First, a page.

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How to Kill a City? Start with Welfare for the Wealthy

“Our urban system is based on the theory of taking the peasant and turning him into an industrial worker. Now there are no industrial jobs. Why not keep him a peasant?”

That decades-old quote from Roger Starr, New York City’s former head of the Housing and Development Administration, ultimately led to his resignation. But Peter Moskowitz, in his new book How to Kill a City, argues that this is in fact the theory of governance that has dominated cities for the past fifty years.

It is, says Moskowitz, “gentrification as governance.”

Moskowitz takes readers on a brief tour of how gentrification is often covered in the media: bemused newscasters reading stories about hipsters moving into converted warehouses; blue-toned photos of new coffee shops alongside rundown buildings; longtime residents giving startled interviews about how fast things have changed.

coffee gent

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The message in all of this is that gentrification just happens. It’s an almost mystical process. Even if we wanted to stop it, what could be done?

Highlighting the recent history of four cities—New Orleans, Detroit, San Francisco, and New York City—Moskowitz unveils the systematic structures that support gentrification. By the time he’s done, it’s clear that gentrification doesn’t just happen. In fact, it’s an awful lot of work.

The first thing needed to promote gentrification as governance is the right mindset. As cities across the country grappled with budget shortfalls caused by white flight and federal cuts under President Reagan, local governments were forced to start buying bonds to cover their expenses.

This introduced corporate bond owners and, eventually, emergency managers as new, unelected players in local governance. They brought with them a novel concept, quickly adopted by their elected counterparts: cities should turn a profit.

Applying a business lens to city governance makes for some quick accounting. Poor people are liabilities—they need more assistance in healthcare, housing, and transportation than they pay in taxes. Rich people are assets—they pay more than they need in return.

As Moskowitz notes, this analysis completely ignores the centuries of theft from people of color (and government subsidy to white people) that created a racialized picture of American wealth. But never mind that now—there’s rich people to attract!

Sometimes, like in New Orleans, an external catastrophe provides the opportunity for change. After Hurricane Katrina, powerful locals were pretty explicit in their desire to build a city for a different population than the one that already lived there.

As one real estate developer was quoted saying at the time, “[T]he hurricane drove poor people and criminals out of the city, and we hope they don’t come back. … The party’s finally over for these people and now they’re going to have to find someplace else to live in the U.S.”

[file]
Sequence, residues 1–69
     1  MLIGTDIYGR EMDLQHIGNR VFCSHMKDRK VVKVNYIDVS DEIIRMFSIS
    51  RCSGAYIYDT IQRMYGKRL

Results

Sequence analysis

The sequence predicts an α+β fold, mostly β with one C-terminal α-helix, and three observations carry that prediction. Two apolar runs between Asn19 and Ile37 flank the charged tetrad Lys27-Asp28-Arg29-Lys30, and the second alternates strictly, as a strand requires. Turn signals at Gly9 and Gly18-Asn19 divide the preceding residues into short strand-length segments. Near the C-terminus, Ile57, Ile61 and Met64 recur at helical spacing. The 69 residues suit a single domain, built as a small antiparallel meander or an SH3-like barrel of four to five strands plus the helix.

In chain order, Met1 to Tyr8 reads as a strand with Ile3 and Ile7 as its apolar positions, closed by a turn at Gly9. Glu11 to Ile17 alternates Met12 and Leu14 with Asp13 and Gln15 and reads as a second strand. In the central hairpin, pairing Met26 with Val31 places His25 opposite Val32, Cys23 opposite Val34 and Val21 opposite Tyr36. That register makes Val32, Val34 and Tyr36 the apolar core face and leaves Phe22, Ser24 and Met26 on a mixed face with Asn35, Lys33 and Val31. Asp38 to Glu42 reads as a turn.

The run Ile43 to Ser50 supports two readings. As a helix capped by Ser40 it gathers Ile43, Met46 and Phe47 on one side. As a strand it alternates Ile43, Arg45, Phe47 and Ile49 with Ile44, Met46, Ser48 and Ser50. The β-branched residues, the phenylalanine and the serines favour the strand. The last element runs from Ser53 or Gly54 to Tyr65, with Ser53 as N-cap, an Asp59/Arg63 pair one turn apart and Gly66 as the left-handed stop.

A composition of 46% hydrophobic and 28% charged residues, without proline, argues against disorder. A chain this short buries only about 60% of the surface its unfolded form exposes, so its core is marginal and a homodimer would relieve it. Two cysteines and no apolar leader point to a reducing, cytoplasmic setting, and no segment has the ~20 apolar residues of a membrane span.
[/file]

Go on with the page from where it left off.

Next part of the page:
City officials agreed. One city councilman at the time summed up the situation thusly. “There’s been a lot of pampering, and at some point you have to say, ‘no, no, no, no, no.’ We don’t need more soap opera watchers right now.”

One of the first steps in this transformation was the demolition of almost all public housing in New Orleans, despite the fact that the vast majority of this housing was not damaged by the storm.

In its place, mixed income developments have sprung up, with plenty of amenities and security for the newcomers. Through this process of demolition and redevelopment, over 12,000 low-income families lost their homes.

New Orleans also moved to make sure that different businesses thrived after the storm. Low-income areas were designated cultural districts, with tax breaks for artists. But these districts also included tax breaks for new businesses—and only new businesses. Newcomers were given credits to rehab old storefronts and to subsidize their operation, while longtime community businesses were cut out of the program.

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From The New Orleans Advocate.  See especially the change around Mid-City and neighborhoods to the east.

Similar dynamics are playing out all across the country.

In Detroit, the city government divested much of its responsibility to outside groups after it went through bankruptcy. The city’s targeted development areas are now in large part governed by the businesses themselves. Through advisory boards and nonprofits that they fund, developers get to make decisions on public transportation, policing, and even zoning policy. They are literally writing their own rules.

And those rules almost always cater to predominantly white newcomers at the expense of longtime black residents. Detroit’s corporate overlords have even gone so far as to institute a sort of reverse HPAP—a home purchase assistance program that is only available to their own (predominantly white and wealthy) employees.

Then there are the more standard developer giveaways: city land and tax breaks for developers to build market rate housing. Moskowitz doesn’t feature DC in his book, but it’s easy enough to imagine projects like The Wharf and its $300 million in public subsidy filling a chapter.

There are no easy answers in How to Kill a City. Moskowitz is upfront about the fact that moving towards truly equitable development will require a great deal of city planning and significant financial investment. But as the book makes clear, the only thing that takes more planning and more money than stopping gentrification is creating it.

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